Our history

Gordonstoun was founded in 1934 by the German Educationalist Dr Kurt Hahn.

Our forward-thinking School has a fascinating past and much of what has been pioneered here has become part of mainstream education. Gordonstoun was founded in 1934 by German educationalist Dr Kurt Hahn. Soon afterwards he decided that young people across the local area should have the opportunity to experience his uniquely broad educational model and he created the Moray Badge (which HRH The Duke of Edinburgh himself gained as a pupil at the school). Such was the success of this programme that Hahn had ambitions for it to be awarded nationally. He consulted with Prince Philip and persuaded him to give his name to what became the Duke of Edinburgh’s Award in 1956. Since then this award has spread across the world to over 140 countries and millions of young people have grown and developed through their participation.

Hahn’s ideals also led to the founding of Round Square by Jocelin Winthrop-Young, a world-wide association of 190 schools that all share our ethos of teaching social responsibility as well as academic excellence. Round Square provides pupils and staff with the opportunity to take part in global and regional conferences, go on international exchanges and volunteer for life-changing projects around the world.

We were one of the first public schools to go completely co-educational and we started one of the first, and most successful, summer school programmes. We are also the first to educate an heir to the British throne.

We take pride in commemorating the dead from both sides in our War Memorial and are the first - and only British school - to run our very own Fire Service.

None of this would have been possible without the pioneering spirit of Dr Kurt Hahn, and a fascinating set of events that led Gordonstoun to become the unique school it is today.

Hahn was born in 1886 in Berlin to Jewish parents. As a young man inthe early 1900s, he attended the universities of Heidelberg, Gottingen and Oxford. His educational ethos developed at this time, influenced in part by his reading of Plato’s Republic and his admiration of aspects of the British public school system. After the First World War, Hahn founded Salem School in Southern Germany with the former German Chancellor, Prince Max of Baden.

Hahn spoke out against the rise of the Nazi party and was arrested soon after Hitler came to power. He was released following the intervention of a number of influential friends in Britain and Germany and his plight prompted a correspondence between Prime Minister Ramsay MacDonald and the German Foreign Minister. Hahn was persuaded it was no longer safe for him to remain in Germany and he escaped to the peace and tranquility of Moray, a part of Scotland he was familiar with and loved.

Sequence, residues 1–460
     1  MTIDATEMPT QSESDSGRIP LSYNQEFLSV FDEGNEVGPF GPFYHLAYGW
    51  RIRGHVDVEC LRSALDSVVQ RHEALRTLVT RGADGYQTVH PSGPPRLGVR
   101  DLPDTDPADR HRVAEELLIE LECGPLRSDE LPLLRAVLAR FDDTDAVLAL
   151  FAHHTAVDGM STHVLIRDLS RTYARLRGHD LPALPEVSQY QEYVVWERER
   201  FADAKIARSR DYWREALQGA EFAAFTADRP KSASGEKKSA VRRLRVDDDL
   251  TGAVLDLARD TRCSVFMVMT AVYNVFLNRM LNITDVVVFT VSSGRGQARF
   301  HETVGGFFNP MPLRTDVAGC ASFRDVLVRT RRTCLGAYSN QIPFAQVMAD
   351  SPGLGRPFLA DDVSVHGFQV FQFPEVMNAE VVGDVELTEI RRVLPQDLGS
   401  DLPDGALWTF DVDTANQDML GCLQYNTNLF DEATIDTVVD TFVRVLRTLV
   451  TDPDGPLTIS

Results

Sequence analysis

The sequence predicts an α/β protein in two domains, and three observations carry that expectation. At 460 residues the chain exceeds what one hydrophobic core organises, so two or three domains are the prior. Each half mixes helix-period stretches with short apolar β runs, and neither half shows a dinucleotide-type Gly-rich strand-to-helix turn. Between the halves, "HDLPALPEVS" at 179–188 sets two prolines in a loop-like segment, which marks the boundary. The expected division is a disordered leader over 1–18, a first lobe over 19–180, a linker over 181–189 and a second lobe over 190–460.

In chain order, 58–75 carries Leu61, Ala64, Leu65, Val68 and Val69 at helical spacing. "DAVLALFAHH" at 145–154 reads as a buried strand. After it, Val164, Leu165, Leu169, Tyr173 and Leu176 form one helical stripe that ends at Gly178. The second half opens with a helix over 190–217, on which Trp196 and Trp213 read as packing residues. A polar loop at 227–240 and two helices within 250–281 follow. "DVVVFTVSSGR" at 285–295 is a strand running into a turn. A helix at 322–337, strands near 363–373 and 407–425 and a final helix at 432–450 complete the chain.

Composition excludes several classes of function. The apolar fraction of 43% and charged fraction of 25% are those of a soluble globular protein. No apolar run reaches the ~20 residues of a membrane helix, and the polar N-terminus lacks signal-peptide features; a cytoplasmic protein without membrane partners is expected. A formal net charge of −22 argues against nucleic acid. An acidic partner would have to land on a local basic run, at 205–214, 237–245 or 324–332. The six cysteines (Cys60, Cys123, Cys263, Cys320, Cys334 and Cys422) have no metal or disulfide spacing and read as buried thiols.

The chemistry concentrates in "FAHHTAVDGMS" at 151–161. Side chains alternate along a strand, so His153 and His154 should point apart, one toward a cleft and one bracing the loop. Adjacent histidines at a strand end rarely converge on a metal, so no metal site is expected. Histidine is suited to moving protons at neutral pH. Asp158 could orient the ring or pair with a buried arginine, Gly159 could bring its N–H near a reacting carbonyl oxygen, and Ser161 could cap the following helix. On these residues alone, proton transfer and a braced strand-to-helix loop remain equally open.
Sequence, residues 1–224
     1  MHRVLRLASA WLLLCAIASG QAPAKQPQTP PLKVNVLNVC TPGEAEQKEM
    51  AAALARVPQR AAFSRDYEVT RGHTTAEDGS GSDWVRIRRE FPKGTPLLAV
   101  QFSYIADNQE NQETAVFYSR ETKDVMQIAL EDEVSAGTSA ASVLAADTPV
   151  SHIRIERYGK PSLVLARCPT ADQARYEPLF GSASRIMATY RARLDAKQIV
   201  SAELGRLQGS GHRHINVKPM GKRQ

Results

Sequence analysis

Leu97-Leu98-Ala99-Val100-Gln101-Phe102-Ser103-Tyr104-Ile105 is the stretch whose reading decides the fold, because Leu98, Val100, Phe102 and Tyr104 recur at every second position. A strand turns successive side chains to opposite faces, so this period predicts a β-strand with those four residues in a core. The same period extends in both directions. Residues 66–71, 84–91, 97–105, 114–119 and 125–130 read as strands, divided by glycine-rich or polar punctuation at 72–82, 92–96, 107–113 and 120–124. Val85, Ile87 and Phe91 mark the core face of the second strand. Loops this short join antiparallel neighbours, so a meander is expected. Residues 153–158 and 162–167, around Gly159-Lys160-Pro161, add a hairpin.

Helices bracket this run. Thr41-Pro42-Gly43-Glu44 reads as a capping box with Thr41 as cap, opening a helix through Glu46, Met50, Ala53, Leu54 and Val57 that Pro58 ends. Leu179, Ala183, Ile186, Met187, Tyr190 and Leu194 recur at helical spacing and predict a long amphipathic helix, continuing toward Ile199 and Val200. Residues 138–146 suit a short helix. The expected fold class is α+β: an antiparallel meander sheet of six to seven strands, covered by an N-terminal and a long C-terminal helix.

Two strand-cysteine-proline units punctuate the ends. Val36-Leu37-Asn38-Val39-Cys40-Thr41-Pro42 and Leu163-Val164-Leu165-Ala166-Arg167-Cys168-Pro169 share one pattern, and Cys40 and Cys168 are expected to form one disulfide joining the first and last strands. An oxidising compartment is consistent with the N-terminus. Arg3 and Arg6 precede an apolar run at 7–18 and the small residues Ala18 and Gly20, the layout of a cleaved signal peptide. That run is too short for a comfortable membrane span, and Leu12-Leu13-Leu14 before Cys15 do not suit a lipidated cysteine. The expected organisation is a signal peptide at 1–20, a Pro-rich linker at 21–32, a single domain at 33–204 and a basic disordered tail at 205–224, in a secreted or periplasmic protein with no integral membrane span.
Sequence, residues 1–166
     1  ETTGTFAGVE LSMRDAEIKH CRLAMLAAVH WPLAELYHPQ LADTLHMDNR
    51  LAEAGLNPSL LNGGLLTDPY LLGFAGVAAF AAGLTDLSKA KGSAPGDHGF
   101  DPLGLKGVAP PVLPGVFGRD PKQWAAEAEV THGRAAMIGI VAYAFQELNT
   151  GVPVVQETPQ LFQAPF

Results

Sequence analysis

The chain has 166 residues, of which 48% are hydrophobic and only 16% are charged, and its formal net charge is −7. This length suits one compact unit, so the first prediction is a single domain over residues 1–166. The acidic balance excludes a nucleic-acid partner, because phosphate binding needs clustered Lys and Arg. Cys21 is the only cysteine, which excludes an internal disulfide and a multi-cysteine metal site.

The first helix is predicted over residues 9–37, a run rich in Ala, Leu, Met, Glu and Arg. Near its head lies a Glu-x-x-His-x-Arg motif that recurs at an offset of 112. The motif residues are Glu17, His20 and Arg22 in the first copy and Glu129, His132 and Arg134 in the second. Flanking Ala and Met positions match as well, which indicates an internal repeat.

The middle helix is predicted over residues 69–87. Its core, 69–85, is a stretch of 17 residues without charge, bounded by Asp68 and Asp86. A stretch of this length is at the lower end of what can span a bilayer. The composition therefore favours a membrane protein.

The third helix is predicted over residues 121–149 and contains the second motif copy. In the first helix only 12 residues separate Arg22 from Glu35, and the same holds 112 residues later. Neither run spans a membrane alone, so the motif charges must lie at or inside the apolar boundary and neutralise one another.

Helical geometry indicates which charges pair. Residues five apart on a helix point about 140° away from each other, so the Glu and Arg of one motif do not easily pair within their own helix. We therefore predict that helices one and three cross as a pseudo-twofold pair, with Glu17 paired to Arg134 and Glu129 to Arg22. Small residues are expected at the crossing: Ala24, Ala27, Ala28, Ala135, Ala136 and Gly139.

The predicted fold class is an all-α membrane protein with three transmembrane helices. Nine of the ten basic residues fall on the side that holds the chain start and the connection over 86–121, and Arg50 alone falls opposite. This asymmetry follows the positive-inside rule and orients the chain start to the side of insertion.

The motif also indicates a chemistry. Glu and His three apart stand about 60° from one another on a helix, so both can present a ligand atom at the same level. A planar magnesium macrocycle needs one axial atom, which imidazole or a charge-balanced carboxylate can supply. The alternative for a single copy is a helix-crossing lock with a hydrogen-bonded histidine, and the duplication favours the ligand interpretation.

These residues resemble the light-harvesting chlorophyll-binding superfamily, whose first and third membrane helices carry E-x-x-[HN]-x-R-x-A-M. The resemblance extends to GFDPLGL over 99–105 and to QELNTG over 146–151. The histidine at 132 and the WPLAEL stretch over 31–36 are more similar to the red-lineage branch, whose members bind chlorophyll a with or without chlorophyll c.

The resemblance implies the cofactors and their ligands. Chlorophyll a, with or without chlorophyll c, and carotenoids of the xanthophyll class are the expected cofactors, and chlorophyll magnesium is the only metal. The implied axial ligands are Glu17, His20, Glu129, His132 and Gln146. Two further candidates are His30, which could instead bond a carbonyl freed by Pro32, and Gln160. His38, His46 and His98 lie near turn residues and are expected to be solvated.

Kurt Hahn arrived at Gordonstoun with two of his students from Salem, Mark Arnold-Foster and Jocelin Winthrop Young (the latter eventually playing a key role in founding the Round Square Conference). Driven by his ambition to share his love of learning, Hahn sought the support of generous, established local families in the area. Thanks to their help he was able to lease and then buy the Gordonstoun estate, which has a history going back to the 13th century, for use as his iconic boarding school.

In the 1600s Gordonstoun was owned by the eccentric Third Baronet, Sir Robert Gordon, who was also known as The Wizard because of his fascination with alchemy and his mystical reputation amongst the local population. It was his idea to build Round Square, a distinctive building constructed in a perfect circle. Legend has it that Sir Robert, while a student in Italy, sold his soul to the Devil in return for knowledge. The Devil’s price was Sir Robert’s soul at some time in the future. The legend states that he built Round Square to protect himself when the time came, as there were ‘no corners for the Devil to hide behind’. Unfortunately, Gordon lost his nerve and decided to seek sanctuary in Birnie Kirk. He never reached the Kirk as hounds accompanying the Devil are said to have killed him before he arrived. In reality he died in his bed in the year 1704 and his widow erected the Michael Kirk, a small church on the school grounds, in his memory.

In the 1950s the School renovated Round Square for use as a boarding house and classrooms. Round Square also houses Gordonstoun’s staff room, the school library and the Gordonstoun Kurt Hahn Archive. The Michael Kirk remains a popular place to visit for quiet contemplation or worship and continues to play a significant role in Gordonstoun’s spiritual life. All new students attend a memorable service for their year group here in its ancient stone walls.

The beautiful Moray countryside did not escape the turmoil of the Second World War and the school’s early history was challenging. War brought the internment of German teachers and the school was temporarily exiled to Wales. When everyone returned the buildings were found to be in a terrible state of repair and then the school was ravaged by fire. But challenges build character, and Hahn had many generous supporters and indeed pupils whose ‘practical work’ helped rebuild the school and it has thrived in its current position for over 80 years.

If you’d like to know more, please visit our archive site: http://www.gordonstoun-kurt-hahn-archive.org.uk/

Or contact Louise Avery, the Gordonstoun Archivist: email averyl@gordonstoun.org.uk or phone 01343 837988